As Nolan Ryan, whose strikeout records just may stand for the ages, once said in a commercial, "There is no off season anymore." In Williams' day, players did not get in shape until they reported for spring training. Not so in this day in age. Steroid rumors notwithstanding, today's athletes make fitness a year round priority. Our knowledge about training and fitness and nutrition is far more advanced than it once was.
I haven't a clue as to Williams' politics and, quite frankly, I don't care. The media liked to whine about Michael Jordan's "failure" to "speak out" on political and social issues. Yes, he supported fellow hoopster Bill Bradley in the 2000 presidential primaries, but other than that, he said next to nothing. This was his prerogative.
If leaders in business, education, and other segments of society placed such a premium on excellence, my guess is that we would have far more peace and quiet in society. There ain't no free lunch. And yet we constantly act as if there were. Even though no one owes us anything, we too frequently act as if everyone owes us everything. Thus, we want political "solutions" for absolutely everything.
The answers are not in Washington, in the 50 statehouses around America, or down at city hall. We may find them in our families, at our jobs, and in our communities. What are you doing in your family, at your job, and in your community to make a difference? This is where the rubber hits the road. Are you the best doctor, plumber, salesman or parent you can be? If not, you had better not be waiting for some politician to pass a program to change things in your life.
Because the sporting world is such an unforgiving meritocracy, the great athletes know that they must perform if they want to stay around. No one is going to perform for them. If only this ethos of excellence and personal accountability permeated all aspects of society.
C.S. Lewis once likened the traditional understanding of education to old birds teaching young birds to fly. In sports, and especially in baseball, the fundamentals do not change. You can innovate and improvise all you want, but if you don't do the basics, it is all for naught. The great athletes understand this.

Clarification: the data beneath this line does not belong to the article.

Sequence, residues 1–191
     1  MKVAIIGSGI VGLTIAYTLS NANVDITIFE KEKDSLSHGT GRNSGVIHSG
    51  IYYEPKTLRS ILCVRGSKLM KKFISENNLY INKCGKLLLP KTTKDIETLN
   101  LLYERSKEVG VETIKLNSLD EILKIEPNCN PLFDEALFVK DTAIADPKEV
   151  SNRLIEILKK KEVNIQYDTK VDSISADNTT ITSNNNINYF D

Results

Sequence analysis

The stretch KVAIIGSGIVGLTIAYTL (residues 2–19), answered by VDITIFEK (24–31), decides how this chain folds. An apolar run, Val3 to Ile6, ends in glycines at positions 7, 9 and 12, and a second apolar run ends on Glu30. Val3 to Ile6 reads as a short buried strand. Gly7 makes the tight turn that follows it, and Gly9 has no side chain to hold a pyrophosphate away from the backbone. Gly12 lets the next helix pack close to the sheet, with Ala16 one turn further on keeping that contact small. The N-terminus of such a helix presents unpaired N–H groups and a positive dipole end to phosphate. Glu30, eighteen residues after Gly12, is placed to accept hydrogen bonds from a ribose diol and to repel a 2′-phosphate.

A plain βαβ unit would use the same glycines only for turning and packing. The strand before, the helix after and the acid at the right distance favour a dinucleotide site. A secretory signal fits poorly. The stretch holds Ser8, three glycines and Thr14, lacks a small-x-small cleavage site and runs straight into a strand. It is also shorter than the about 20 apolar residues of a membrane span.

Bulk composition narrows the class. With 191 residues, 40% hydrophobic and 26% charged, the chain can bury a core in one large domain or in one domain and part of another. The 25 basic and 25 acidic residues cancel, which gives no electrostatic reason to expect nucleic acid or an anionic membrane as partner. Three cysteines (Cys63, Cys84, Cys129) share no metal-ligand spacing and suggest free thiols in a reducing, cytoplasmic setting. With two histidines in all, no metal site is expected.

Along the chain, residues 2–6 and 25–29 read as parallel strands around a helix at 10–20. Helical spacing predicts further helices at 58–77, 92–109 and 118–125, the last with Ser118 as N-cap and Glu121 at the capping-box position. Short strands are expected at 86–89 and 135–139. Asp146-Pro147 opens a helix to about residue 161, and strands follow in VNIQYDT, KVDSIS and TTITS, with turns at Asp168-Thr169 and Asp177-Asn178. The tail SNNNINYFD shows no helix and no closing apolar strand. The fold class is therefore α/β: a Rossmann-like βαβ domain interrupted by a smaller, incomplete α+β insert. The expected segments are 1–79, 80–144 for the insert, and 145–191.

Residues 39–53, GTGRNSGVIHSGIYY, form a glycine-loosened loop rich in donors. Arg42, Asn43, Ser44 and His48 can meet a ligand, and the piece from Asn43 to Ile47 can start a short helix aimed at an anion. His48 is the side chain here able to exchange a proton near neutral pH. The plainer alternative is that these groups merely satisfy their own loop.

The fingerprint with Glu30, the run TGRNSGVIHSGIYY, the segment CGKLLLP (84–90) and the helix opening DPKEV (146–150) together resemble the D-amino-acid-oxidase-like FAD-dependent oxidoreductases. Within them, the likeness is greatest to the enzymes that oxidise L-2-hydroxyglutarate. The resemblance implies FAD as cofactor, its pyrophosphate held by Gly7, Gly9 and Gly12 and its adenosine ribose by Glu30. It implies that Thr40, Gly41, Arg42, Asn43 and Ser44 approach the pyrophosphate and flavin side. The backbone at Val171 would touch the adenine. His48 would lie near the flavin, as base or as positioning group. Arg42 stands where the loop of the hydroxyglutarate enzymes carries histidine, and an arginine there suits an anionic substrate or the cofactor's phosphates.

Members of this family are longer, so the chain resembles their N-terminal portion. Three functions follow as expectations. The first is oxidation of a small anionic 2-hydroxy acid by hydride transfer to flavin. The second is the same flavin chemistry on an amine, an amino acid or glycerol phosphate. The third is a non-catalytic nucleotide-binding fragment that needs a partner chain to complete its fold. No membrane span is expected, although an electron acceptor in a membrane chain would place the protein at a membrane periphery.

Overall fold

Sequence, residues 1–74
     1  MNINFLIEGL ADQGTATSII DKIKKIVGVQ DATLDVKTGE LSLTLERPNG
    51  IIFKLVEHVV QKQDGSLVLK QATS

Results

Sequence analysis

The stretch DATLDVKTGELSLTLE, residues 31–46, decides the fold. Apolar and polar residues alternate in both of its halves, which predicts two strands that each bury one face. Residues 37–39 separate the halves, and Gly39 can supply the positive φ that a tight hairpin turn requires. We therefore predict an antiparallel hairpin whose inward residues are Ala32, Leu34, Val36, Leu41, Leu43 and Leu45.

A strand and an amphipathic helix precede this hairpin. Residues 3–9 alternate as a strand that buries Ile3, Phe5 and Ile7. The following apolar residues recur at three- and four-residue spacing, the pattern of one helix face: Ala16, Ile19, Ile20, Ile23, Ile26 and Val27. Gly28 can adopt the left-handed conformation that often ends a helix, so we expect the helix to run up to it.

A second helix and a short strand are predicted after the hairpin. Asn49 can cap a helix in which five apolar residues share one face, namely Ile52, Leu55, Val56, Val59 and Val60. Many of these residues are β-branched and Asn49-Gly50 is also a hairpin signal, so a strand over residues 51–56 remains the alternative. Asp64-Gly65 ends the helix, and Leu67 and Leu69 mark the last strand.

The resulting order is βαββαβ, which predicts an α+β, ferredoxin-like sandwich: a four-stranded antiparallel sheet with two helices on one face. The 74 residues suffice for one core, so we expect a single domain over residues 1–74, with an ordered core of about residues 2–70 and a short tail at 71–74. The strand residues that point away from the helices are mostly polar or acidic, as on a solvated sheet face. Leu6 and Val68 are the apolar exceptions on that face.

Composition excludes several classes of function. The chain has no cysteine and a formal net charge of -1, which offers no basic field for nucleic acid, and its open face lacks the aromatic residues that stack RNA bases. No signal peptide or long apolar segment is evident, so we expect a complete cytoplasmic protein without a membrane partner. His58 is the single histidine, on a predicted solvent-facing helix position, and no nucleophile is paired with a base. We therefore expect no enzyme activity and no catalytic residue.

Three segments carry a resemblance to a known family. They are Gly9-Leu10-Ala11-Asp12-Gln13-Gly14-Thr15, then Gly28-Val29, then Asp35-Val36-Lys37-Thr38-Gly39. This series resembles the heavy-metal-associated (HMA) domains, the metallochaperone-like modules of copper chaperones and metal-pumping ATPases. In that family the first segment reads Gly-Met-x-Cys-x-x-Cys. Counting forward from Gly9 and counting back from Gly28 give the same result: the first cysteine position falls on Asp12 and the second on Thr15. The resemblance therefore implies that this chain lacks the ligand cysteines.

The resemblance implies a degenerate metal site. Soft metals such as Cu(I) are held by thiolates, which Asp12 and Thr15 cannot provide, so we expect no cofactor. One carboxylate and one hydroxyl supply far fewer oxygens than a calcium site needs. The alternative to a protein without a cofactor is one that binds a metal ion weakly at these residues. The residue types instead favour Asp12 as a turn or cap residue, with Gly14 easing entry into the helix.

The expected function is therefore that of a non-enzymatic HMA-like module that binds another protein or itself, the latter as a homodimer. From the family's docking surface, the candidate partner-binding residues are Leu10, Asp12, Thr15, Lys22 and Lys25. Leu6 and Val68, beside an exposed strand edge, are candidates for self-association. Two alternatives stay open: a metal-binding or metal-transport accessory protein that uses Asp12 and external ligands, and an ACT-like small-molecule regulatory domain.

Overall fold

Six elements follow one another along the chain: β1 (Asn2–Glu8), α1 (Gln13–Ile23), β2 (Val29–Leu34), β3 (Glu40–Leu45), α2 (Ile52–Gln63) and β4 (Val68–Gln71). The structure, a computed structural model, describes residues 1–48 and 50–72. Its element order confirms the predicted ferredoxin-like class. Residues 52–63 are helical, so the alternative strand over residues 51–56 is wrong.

Which brings us back to Ted Williams. In baseball, more than in other sports, legends from the days of yore speak to us in the present day. Aspiring quarterbacks don't sit at the feet of Sammy Baugh and aspiring hoopsters don't ooh and aah over every word spoken by George Mikan. However, today's aspiring baseball players can't get enough of the wisdom of Teddy Ballgame, who was a superstar before Pearl Harbor.
For years after he retired as a player (and after four mediocre years at the helm of the Washington Senators), Williams stayed around baseball. From the Yuma sandlots to Yankee Stadium, they came from far and wide to take in the wisdom of the Splendid Splinter himself. Why do we not have this same hunger for excellence in all that we do?
During his career, much was made of Ted Williams' personality flaws. He was what he was, a mere mortal. While his candor was refreshing, there were more gentlemanly players. (Lou Gehrig and Sandy Koufax come to mind.) However, we need more people in all walks of life with Williams' passion, focus, and dedication. People who respond to their calling by pushing their gifts and talents to the limit. People who do the unspectacular basics to attain the spectacular results. People who are, in true Marine Corps fashion, semper fidelis -- always faithful -- to their callings.
What is your calling? Are you listening? Are you always as faithful to your calling as Ted Williams was to his?
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Freely Speaking: Speeches and Essays by Doug Newman